Nan-Nan and Doody had moved from Bangalore to Quetta on the Northwest Frontier where Doody was an instructor at the Indian Army Officer Training School. That is where my mother was born in 1916. Weeks after her birth, Doody was sent to Mesopotamia where he led the engineers who bridged the River Tigris just south of Baghdad. In the process he was wounded in the legs, the groin and abdomen and spent a year in India recuperating. In France, Nan-Nan’s, younger sister, Olive had a similar experience when her husband, Harold, was wounded in almost exactly the same way. Two more of Doody’s cousins, William and Hugh, were less severely wounded in the arm and hand.

The physical and mental effects of wounds, and death continued after the war. Nan-Nan’s sister, Katherine, who had nursed British soldiers in Salonika, died of TB in 1920. Their cousin, another Reginald, had also contracted TB fighting in Macedonia; he married but died a year later. Another cousin she had played with as a child in Jamaica, Robert, contracted meningitis in the trenches leaving him totally deaf and was invalided out of the army. Another, Lionel, an ambulance driver, died young in Canada in 1926, having suffered from a nervous disease. Her uncle and surrogate father, Ralph, died in 1916, heartbroken, as did his brother a week later. Doody’s mother, Agnes, whom Nan-Nan hardly knew because of the war, died in 1919, a year after her son Percy was killed. One of Doody’s cousins, Marcell, a vicar who had volunteered in 1914 at the age of fifty-two, had a nervous breakdown then lived by preaching in London.
Neither Nan-Nan nor Doody spoke about the war, either what happened on the battlefield or at home.  Yet twelve of Nan-Nan’s close male relatives and in-laws were killed in it, most of them unmarried and under 30. Others died of disease contracted as a direct result of it. Her husband’s and brother-in-law’s injuries left them both with permanent limps. Five of their cousins were wounded physically or mentally. Her children were shorn of uncles. Thirkleby was demolished in 1926. Nan-Nan did not come from an army family yet her Jamaican family, her grand family and her husband’s family all had been cut to pieces by war.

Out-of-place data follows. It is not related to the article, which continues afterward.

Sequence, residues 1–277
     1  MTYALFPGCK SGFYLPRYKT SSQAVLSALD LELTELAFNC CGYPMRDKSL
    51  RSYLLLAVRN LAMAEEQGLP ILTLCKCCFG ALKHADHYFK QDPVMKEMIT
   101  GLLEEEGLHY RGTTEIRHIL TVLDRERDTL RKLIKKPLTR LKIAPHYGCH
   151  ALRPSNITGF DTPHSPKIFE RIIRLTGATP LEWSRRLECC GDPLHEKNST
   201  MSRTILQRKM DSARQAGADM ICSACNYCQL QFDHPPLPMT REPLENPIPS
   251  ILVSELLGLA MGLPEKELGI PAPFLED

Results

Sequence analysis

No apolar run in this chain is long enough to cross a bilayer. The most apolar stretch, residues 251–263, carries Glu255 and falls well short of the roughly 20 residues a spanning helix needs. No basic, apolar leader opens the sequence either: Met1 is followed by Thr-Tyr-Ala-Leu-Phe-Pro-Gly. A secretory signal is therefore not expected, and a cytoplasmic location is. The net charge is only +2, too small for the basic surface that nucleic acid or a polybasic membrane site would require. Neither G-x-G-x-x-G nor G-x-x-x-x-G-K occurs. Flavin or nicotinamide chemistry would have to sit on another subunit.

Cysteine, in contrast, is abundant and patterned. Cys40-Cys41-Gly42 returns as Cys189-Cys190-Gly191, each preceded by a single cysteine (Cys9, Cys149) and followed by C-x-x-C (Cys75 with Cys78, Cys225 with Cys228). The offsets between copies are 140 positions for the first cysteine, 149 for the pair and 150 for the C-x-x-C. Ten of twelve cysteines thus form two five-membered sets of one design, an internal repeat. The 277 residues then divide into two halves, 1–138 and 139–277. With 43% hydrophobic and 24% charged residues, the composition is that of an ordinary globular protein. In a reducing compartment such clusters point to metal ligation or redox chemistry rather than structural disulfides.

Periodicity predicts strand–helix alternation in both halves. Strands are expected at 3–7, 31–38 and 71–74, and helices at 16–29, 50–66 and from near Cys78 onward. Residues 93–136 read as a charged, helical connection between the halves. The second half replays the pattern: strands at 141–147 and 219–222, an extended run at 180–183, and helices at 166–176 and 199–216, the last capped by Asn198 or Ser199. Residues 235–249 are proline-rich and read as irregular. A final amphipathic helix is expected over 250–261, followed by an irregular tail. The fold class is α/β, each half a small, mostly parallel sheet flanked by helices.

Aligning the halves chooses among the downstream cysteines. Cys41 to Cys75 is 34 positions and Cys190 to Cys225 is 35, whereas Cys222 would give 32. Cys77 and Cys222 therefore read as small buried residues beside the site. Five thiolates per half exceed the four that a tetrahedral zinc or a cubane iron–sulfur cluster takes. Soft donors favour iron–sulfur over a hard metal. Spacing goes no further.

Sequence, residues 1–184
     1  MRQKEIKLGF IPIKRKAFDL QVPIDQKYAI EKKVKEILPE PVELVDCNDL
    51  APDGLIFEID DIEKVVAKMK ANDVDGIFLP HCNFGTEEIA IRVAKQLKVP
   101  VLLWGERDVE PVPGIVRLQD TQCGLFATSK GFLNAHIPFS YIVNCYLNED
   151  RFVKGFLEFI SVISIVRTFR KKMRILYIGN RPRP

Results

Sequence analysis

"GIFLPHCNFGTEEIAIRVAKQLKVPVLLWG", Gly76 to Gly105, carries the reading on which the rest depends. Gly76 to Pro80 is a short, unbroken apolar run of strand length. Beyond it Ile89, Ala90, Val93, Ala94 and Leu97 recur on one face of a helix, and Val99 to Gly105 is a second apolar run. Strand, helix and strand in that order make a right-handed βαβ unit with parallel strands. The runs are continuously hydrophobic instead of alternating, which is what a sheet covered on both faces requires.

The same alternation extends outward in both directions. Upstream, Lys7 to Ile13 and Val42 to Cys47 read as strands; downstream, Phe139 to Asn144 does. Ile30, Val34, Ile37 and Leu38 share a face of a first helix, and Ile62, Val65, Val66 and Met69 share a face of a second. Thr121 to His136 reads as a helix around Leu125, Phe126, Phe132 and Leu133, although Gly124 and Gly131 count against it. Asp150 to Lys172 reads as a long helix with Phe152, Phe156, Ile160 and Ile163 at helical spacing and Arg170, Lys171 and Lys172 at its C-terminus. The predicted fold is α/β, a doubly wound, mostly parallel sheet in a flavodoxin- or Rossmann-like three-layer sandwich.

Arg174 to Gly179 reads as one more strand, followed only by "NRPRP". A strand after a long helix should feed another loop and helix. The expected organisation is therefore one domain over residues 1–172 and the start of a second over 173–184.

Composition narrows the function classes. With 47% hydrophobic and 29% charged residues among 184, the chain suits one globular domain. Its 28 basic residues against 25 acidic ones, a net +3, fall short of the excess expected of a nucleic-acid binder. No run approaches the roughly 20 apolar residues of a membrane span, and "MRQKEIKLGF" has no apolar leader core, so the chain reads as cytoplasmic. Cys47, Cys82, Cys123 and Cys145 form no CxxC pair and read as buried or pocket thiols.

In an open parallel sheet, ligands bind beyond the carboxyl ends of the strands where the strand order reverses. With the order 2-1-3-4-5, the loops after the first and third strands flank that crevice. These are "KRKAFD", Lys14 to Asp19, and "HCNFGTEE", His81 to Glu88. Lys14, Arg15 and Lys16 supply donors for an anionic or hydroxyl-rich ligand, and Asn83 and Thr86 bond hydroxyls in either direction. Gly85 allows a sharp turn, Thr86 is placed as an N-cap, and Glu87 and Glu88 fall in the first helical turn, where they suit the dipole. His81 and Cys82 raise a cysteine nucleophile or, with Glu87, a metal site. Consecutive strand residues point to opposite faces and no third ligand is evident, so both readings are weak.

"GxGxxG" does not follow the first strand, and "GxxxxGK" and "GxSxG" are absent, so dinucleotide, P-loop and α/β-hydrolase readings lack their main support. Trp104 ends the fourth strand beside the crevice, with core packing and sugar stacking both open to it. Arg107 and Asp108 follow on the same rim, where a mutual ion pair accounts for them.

The world changed: the airs and graces she had learned from Granny Frankland were obsolete in the amoral, post-war society. She followed Doody’s career when he transferred to the British Army in 1920 though she could not bear to live on army camps so their four children grew up in rented, albeit rather grand, houses. She drove her own pony and trap when shopping but never learned to cook. She was a Christian but she held on to the dark superstitions of Jamaica’s folk religion, obeah, which she had absorbed as a small child. She was torn between loyalty to her Creole roots and obedience to her grand family which had plucked her from her mother.
She coped. Unlike millions of people who had been touched by the war, she was financially secure, indeed very secure given the bittersweet fact that she and Doody inherited greater wealth than they might have anticipated because the war had killed so many male relatives. How could she not have the deep underlying and ineradicable sadness? It had permeated deeply into the emotional certainties of the idea of the families she loved. I still feel Nan-Nan’s sadness, the more so since I have researched her extended family which I could not have done without the internet. I hope I’ve made her part of history.

I am writing this home page at home, at the kitchen table to be precise. I share the table and the home with my wife, several cats, and four chickens (though they live outside.) It is a second home to three children and four grandchildren. We live in the country; we live in a landscape. Like all landscapes it has a history, and much of that has been uncovered in the last twenty years from on-line archives.